Non mean reverting affine processes for stochastic mortality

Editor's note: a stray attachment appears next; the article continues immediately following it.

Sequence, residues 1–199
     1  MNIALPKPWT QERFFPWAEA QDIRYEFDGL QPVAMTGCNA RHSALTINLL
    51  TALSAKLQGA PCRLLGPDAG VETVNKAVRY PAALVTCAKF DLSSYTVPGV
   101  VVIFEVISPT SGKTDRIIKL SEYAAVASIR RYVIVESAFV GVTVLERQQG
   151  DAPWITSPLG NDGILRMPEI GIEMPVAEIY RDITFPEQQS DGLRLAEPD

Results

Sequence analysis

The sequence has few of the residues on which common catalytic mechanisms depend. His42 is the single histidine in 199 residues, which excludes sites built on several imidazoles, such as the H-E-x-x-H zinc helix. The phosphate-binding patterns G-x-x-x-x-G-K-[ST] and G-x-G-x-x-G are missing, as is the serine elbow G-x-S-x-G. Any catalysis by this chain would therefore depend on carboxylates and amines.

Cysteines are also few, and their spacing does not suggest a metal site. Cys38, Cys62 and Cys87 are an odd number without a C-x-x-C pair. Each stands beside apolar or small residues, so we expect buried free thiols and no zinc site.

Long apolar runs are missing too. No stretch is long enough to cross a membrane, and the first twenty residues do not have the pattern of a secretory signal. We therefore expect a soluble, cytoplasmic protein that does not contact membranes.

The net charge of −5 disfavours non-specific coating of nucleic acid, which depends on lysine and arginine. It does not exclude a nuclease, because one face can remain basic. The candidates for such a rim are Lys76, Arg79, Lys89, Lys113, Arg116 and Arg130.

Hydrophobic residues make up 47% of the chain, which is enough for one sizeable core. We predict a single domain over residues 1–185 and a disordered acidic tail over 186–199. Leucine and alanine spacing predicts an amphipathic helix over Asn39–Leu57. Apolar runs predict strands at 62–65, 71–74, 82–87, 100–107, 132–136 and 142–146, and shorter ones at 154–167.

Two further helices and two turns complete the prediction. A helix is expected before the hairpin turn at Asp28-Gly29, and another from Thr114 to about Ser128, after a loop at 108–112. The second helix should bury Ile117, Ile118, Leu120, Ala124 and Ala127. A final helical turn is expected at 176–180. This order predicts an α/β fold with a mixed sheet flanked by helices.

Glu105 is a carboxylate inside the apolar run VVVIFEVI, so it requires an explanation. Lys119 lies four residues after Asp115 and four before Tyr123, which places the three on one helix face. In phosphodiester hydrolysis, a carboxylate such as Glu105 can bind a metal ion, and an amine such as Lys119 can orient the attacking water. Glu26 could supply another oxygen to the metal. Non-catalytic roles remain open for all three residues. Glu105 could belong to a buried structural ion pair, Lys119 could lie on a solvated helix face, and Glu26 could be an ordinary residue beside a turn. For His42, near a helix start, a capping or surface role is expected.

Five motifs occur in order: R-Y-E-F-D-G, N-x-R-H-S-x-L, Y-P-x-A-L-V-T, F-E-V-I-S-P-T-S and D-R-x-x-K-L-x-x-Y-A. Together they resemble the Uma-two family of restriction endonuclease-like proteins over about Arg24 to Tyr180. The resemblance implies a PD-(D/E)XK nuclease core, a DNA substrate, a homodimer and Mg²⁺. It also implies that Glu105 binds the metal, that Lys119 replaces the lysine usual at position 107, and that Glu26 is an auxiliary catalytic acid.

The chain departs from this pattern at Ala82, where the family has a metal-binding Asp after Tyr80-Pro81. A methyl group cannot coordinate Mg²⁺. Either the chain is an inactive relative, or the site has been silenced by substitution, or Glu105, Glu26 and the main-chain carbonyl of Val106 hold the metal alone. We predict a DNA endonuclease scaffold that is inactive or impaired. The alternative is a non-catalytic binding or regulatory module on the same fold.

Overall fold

In this paper we use doubly stochastic processes (or Cox processes) in order to model the random evolution of mortality of an individual. These processes have been widely used in the credit risk literature in modelling default arrival, and in this context have proved to be quite flexible, especially when the intensity process is of the affine class. We investigate the applicability of affine processes in describing the individual's intensity of mortality, and provide a calibration to the Italian and UK populations. Results from the calibration seem to suggest that, in spite of their popularity in the financial context, mean reverting processes are not suitable for describing the death intensity of individuals. On the contrary, affine processes whose deterministic part increases exponentially seem to be appropriate. As for the stochastic part, negative jumps seem to do a better job than diffusive components. Stress analysis and analytical results indicate that increasing the randomness of the intensity process results in improvements in survivorship.
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